|any steel equivalent of TST or Anodizing Inc?||gtx|
Mar 13, 2002 7:51 PM
|I know TST builds ti frames for a lot of different companies (Douglas, Mongoose, etc.) and Anodizing Inc. does AL frames for lots of people (Santa Cruz, Ibis, etc.) but is there a U.S. equivalent for steel frames? In other words, if Joe Blow capitalist bike guy wanted to slap his name/brand on a quality US-built steel frame (one that would be decent quality but not crazy expensive), who would he call?|
Mar 14, 2002 6:33 AM
|steel is too easy to work on and too cheap so you either have small shop production or buy overseas. Alot homebrand steel frames made in Taiwan.|
Mar 14, 2002 8:30 AM
|well ti is more expensive and harder to work with, but... yeah, all the US builders I can think of who farm stuff out farm it out to Taiwan or Japan. I was just wondering if there were any exceptions.|
Mar 14, 2002 9:49 AM
|are much higher on Ti. Even with price drop in last couple years hard to find Ti frame in 500$ range. 500$ would buy you very decent steel frame. Yes Ti is harder to work on but if you have set up assembly line difference in labor cost Ti vs steel would be just a few % of total. It's not like Ti welders paid twice over steel.
Exceptions? I think Rivendell used Waterford they do Japan now.. Either way it doesn't qualify as "cheap". If you need a batch of frames talk to good builder he'd be glad to forge a couple hundred for you. I've ridden with one in New England if interested e-mail me firstname.lastname@example.org
|Rivs are built in the states...||Anvil|
Mar 14, 2002 10:03 AM
|...not Japan. Curt Goodrich and Joe Starck are the guys who do the building for them.
New steels require the same weld and cleanliness processes as Ti and looking at the big picture, steel is harder to work with (harder to miter). The raw material is much cheaper than Ti; you can have more than $500 in a quality Ti tubeset.
|Rivs are built in the states...||gtx|
Mar 14, 2002 10:06 AM
|I think he was referring more to the Herons and Atlantis bikes.
What kind of ti does TST use?
Mar 14, 2002 10:33 AM
|This is from RD FAQ on Atlantis:
Who builds the frames, and where?
Toyo, in Osaka, Japan. It’s a small (10-person) custom frame shop that’s been in the bike frame business for 30 years. The average employee has been with Toyo for half that. The frames are built by hand, and the quality is consistent and superb. It isn’t as finessed and detailed as a custom Rivendell (which sells for 2.4 times as much), but Japanese quality and quality control are legendary, and Toyo is at the top of its craft.
Mar 14, 2002 10:47 AM
|sorry I've missed it. They use own Ti since TST is a subsidiary of Sandvik.
Most of Ti tubing in US come from Sandvik, Ancotech or Haynes
Mar 14, 2002 10:04 AM
|I think these guys like Surley, SOMA, etc., are getting their frames from Taiwan for very very cheap and selling them for $350-400 retail. Then you have Gunnar which is a low priced Waterford--$650 or so. Not much room to operate in between--so it would hard to have US built frame and a middle man unless you were up over the $1000 mark. Ritchey's Japanese-made frames are $1000.|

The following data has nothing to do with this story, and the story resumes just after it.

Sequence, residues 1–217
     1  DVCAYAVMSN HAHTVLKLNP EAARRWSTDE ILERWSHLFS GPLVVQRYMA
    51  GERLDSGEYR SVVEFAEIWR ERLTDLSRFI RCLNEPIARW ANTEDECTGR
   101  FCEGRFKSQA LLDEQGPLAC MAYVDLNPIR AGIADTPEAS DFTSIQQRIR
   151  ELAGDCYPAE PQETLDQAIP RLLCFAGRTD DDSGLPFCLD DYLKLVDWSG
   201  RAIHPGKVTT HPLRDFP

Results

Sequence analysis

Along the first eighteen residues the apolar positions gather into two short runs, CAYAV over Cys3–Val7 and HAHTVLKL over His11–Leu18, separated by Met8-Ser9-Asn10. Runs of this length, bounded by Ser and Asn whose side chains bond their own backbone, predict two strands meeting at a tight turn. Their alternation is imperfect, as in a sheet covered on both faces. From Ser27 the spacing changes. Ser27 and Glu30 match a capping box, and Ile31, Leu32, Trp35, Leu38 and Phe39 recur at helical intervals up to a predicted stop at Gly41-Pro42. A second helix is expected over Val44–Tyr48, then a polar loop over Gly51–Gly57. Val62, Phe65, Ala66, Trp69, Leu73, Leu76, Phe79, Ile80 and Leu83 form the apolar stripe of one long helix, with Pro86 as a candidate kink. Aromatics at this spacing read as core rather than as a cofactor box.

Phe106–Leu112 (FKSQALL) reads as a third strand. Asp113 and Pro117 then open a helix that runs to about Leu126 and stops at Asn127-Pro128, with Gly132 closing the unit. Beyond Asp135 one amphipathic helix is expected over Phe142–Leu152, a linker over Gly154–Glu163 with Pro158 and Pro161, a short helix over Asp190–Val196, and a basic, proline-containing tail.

|I doubt||harry hall|
Mar 14, 2002 2:56 PM
|Kinesis builds some steel frames in Portland and also
Waterford has done contract building--from Rivendells to BMX frames! There IS a difference in steel frame building shops; there are good shops (Hodaka, for one) in Taiwan, and sloppy ones (Trek, for instance) in the US. The reasons that American shops can survive are that Taiwanese labor is no longer cheap labor in fact can be more expensive than Italian labor, bikes and even frames are bulky and thus not cheap to ship, and contractors that have product made in Taiwan take the risk of dealing with the notorious Taiwanese absence of respect for intellectual property; they'll steal any design they like without hesitation.
|I saw it,||TJeanloz|
Mar 14, 2002 9:06 AM
|But I don't have an answer. As far as I know, nobody specializes in building steel bikes.
Mostly because the market for mid price point steel bikes isn't there, and partly because an American (production) steel bike doesn't have the cache of an Italian one. There are a number of Italian builders who specialize in building steel frames for others, and most manufacturers would rather sell an Italian steel bike than an American one (and the Italian one is probably cheaper, or at least competitive.)
That said, a few very small builder, like Zinn, subcontract their work to custom builders- but these are very small.
Mar 14, 2002 9:30 AM
|About what I thought. That's interesting about Zinn. I think Teesdale used to do this kind of work for people like Fisher but I'm not sure that he does anymore.|
|Mark Nobilette...||Pedal Jockey|
Mar 14, 2002 9:54 AM
|Not that this really matters to your question, but Mark builds the steel frames for Morgul Bismark cycles, as well as his own custom frames. They are sweet!!
Mar 14, 2002 10:54 AM
|Mark also builds about 50% of Zinn's bikes, and has built quite a few bikes for GT and others.|
|Match was probably the best known.||Anvil|
Mar 14, 2002 9:52 AM
|Match used to build the Paramounts, Beckmans, Rivendells, and I think Hampstens, and other high end steel frames but they went kaput a couple years ago. One of those directly involved can explain why they closed their doors.
Just like the other materials, lots of steel bikes are labled with one name and built by others. Most is small scale but it's common for builders to supplement their sales/income by building for others. I know one builder who builds frames for no less than 5 other companies.
|re: is it you? ;o)||cyclopathic|
Mar 14, 2002 10:52 AM
|I have a friend who rides your singlespeed he couldn't be happier|
|re: is it you? ;o)||Anvil|
Mar 14, 2002 3:17 PM
|Nope, not me, no time or desire for that. Who's your buddy?|| |